Anthony Rizzo: A Modern Day Barry Bonds

LOS ANGELES, CA - AUGUST 27: Anthony Rizzo #44 of the Chicago Cubs hits one run base hit to score teammate Dexter Fowler #24 of the Chicago Cubs during the first inning of the baseball game against Los Angeles Dodgers at Dodger Stadium on August 27, 2016 in Los Angeles, California. (Photo by Kevork Djansezian/Getty Images)

The thought sounds ludicrous at face value, I know. Barry Bonds won seven National League MVPs and has hit more career homers than there are words in this article. Anthony Rizzo is just 27 years old and is a really good player in 2016. He has less than 200 career homers and has finished in the top-10 in NL MVP voting twice. To see this comparison, we have to commit baseball heresy and go beyond the numbers.

Anthony Rizzo: A Modern Day Barry Bonds

The Home Run King

First let’s look at what made Bonds the hitter that he was (whether or not you believe it was PEDs is irrelevant here, we’re simply looking at mechanics and approach). During his career, Bonds was about as atypical of a power hitter as one could be in the era in which he played.

For starters, he choked up on the bat. A concept that is widely believed to zap a hitter’s power, it became a tool for him to generate unearthly bat speed. He was very compact and simple in his approach and that allowed him to not only hit for power, but hit for a high average. He didn’t simply use his strength and momentum of the bat to generate power. Instead, he kept 100 percent control of the bat through the zone and hit the ball on the “sweet spot” about every single time (which is just as mind-boggling as it sounds).

The Evolution of Rizzo’s Swing

In 49 games with the San Diego Padres in 2011 he hit just .141. His swing was long and unbalanced, which most certainly led to his struggles with San Diego. Rizzo also did that thing where hitters put their pinky finger over the knob of the bat, which is all well and good if you’re hitting .280 with 30 homers, but will be looked at as one of the first problems if you’re struggling.

After the 2011 season, he was traded to the Chicago Cubs. A new team and fresh start did wonders for his career. After a drastic overhaul of his mechanics, he led the Pacific Coast League in homers (23), slugging percentage (.696) and OPS (1.101) before being called up to the Cubs in June of 2012. Three All-Star Game selections later, Rizzo hasn’t looked back.

The Devil is in the Details

The qualities that made Bonds the dominant force at the plate are similar to what Rizzo uses in his approach. He doesn’t choke up all the time like Bonds did, but he does with two strikes – allowing him to still do damage. He also stands on top of the plate, which maximizes plate coverage and forces pitchers to throw into his power.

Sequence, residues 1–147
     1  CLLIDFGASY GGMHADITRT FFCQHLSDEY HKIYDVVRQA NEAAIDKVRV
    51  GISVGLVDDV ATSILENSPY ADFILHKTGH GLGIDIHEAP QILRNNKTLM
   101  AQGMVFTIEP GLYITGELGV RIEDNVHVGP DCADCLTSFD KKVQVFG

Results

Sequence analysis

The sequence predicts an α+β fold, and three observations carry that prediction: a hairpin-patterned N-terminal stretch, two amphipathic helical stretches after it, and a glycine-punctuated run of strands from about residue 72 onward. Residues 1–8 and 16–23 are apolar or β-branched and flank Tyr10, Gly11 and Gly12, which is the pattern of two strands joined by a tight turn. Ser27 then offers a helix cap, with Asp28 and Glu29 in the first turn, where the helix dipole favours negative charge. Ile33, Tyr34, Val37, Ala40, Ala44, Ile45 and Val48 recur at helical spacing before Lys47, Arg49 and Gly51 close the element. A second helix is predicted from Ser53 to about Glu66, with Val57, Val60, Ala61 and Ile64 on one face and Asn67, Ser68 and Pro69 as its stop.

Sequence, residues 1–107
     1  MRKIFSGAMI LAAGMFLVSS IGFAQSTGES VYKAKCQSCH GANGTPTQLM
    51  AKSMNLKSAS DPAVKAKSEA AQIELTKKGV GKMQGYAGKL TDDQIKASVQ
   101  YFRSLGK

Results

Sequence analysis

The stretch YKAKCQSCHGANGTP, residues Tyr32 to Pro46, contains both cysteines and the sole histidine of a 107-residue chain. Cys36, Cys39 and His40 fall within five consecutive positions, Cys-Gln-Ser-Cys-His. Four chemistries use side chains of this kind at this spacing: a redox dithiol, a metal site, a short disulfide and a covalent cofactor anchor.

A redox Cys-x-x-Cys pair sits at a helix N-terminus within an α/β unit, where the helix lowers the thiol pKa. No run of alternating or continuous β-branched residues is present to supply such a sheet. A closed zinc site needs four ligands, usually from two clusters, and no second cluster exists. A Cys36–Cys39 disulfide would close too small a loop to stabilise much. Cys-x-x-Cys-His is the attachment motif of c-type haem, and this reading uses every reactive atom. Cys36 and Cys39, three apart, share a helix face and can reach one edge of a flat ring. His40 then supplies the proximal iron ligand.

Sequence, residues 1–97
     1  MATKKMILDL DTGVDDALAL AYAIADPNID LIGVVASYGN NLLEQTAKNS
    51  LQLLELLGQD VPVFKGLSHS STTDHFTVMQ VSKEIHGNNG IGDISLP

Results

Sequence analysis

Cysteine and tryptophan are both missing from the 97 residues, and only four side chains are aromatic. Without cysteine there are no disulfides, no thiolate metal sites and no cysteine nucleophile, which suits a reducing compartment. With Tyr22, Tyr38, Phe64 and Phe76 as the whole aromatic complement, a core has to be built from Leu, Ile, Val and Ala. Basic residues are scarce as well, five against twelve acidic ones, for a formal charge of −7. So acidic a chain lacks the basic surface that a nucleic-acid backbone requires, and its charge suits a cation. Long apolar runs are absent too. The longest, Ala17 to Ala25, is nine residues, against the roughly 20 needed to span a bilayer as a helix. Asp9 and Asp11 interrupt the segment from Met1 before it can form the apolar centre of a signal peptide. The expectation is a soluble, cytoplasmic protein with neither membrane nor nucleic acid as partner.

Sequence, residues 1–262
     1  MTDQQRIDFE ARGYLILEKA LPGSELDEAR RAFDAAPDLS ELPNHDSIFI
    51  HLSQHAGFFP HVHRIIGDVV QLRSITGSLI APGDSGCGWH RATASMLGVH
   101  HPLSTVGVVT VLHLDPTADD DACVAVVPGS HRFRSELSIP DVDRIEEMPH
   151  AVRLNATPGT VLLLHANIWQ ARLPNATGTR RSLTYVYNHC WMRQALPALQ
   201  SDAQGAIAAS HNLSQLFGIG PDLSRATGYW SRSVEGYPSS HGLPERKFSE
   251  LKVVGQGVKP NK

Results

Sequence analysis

Both are considered “back leg” hitters. This means their back foot doesn’t come off the ground during the weight transfer while swinging. This is really a trait of personal preference. Hitters of both styles have shown success at the Major League level, but “back leg” guys tend to be more balanced at the plate.

There was buzz recently after Washington Nationals outfielder Bryce Harper was compared to Bonds. The comparison began after Harper received the so-called “Bonds treatment” against the Chicago Cubs, in which he was walked 13 times in a four-game series. During his career, Bonds made the intentional walk famous – receiving 120 of them in 2004.

“He is a beast,” Bonds told the Washington Post. “[But] he doesn’t compare to me yet. He has a long way to go [in order to be compared] to me. He is not even close to me.”

The Miami Marlins’ hitting coach took a bit of flak for that comment, but he’s absolutely right. Harper had a monster 2015 season, but couldn’t be more of a different player than Bonds. Numbers alone shouldn’t draw comparisons from player to player.

Does my comparison of Rizzo to Bonds mean that he’ll finish his career with over 700 homers and an MVP award for each day of the week? Certainly not. Rizzo, whether intentionally or unintentionally, used techniques previously employed by Bonds to dig himself out of baseball purgatory. Every swing is different, but fundamentally sound hitting mechanics can certainly translate from player to player.

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